The SSD market today is bursting at the seams with various types of solid state drives catering for every level of budget and with varying degrees of performance including drives that are now pushing the SATA !! interface to its absolute limits along with drives which pack insane amounts of storage compared to those drives which were around only a year ago. Similarly the number of manufacturers on the market is slowly growing, but those who have been in the business for a number of years are those that stand out above the rest and this includes Crucial, OCZ, Corsair, Plextor, Sandisk and Kingston of whom we’re looking at today.
Like the SSD, the HyperX line of products has been around for some time now and when we look at their SSD line up, we are somewhat limited in choice with only one mainstream HyperX drive available – namely the HyperX 3K, which replaced the first generation HyperX, offering a better price point with good levels of performance. Even though the 3K brings a more attractive price point over the [now end of line] HyperX, it is still somewhat expensive compared to drives from a number of other brands and with the launch of the HyperX Fury product line, Kingston have come up with an even cheaper drive to open up the doors into HyperX to a larger group of users.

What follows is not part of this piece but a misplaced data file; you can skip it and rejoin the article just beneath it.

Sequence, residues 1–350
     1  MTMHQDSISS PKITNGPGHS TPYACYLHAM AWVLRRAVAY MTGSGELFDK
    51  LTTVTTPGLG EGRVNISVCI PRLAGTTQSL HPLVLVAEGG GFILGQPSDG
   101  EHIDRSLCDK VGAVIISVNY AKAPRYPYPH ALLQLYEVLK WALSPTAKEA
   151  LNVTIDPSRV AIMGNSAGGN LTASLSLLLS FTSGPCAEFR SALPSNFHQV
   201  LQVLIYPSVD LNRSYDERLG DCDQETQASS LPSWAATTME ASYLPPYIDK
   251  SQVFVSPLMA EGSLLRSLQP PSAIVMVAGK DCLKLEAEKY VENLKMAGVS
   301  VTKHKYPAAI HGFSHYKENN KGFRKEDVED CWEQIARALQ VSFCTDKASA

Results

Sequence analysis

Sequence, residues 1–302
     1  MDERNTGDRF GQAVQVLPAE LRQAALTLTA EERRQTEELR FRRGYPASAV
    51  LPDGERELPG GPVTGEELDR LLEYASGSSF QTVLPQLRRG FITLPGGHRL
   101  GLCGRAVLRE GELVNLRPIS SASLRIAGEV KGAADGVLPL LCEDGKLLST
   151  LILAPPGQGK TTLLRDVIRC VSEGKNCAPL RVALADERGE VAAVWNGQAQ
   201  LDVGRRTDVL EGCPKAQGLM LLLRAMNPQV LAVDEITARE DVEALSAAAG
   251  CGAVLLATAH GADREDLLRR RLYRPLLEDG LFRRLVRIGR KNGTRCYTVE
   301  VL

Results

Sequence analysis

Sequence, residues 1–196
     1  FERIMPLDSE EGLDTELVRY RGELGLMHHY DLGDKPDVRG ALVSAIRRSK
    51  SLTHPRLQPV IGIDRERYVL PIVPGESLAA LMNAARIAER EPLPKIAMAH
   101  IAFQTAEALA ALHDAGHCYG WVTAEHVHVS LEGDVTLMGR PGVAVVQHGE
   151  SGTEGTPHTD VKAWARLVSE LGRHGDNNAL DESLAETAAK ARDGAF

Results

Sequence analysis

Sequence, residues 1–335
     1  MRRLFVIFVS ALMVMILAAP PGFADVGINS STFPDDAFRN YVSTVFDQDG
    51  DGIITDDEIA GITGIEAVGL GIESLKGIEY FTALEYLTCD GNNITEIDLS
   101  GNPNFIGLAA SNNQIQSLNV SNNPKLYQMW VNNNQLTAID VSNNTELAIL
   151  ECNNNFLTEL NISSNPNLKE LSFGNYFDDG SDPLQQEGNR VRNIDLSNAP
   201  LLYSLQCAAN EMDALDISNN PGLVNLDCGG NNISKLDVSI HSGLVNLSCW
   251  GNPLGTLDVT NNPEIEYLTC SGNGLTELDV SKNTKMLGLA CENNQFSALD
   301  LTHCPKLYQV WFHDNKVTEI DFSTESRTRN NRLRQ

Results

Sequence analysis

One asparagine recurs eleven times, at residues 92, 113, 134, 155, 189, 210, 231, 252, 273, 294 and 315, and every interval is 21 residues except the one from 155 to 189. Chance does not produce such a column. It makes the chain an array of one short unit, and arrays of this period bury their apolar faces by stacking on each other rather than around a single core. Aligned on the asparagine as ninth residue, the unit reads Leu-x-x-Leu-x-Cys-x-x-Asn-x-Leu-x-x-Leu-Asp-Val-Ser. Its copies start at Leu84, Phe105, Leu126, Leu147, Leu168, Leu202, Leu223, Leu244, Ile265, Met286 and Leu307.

Designed purely to offer a lower price tag for the budget conscious buyer, the HyperX Fury SSD is built around a SandForce SF-2281 controller with Kingston’s own MLC NAND. This combination of components allows the drive to offer compressible read and write speeds of around 500MB/s and incompressible speeds of 470MB/s read and 220MB/s write. Kingston stress however that this drive is all about offering a compelling price point for an enthusiast grade drive not its out-and-out performance.
Where we find the HyperX 3K coming in a large box with drive bay adaptors, screws and manuals and this all adds up nudging the price of the drive up as well. The Fury restricts this additional cost by shipping in a slim card packet with a plastic cover holding the drive in place. Inside all we get is a 2.5mm shim for installing the drive into 9.5mm drive bays and a HyperX sticker for your notebook or gaming rig.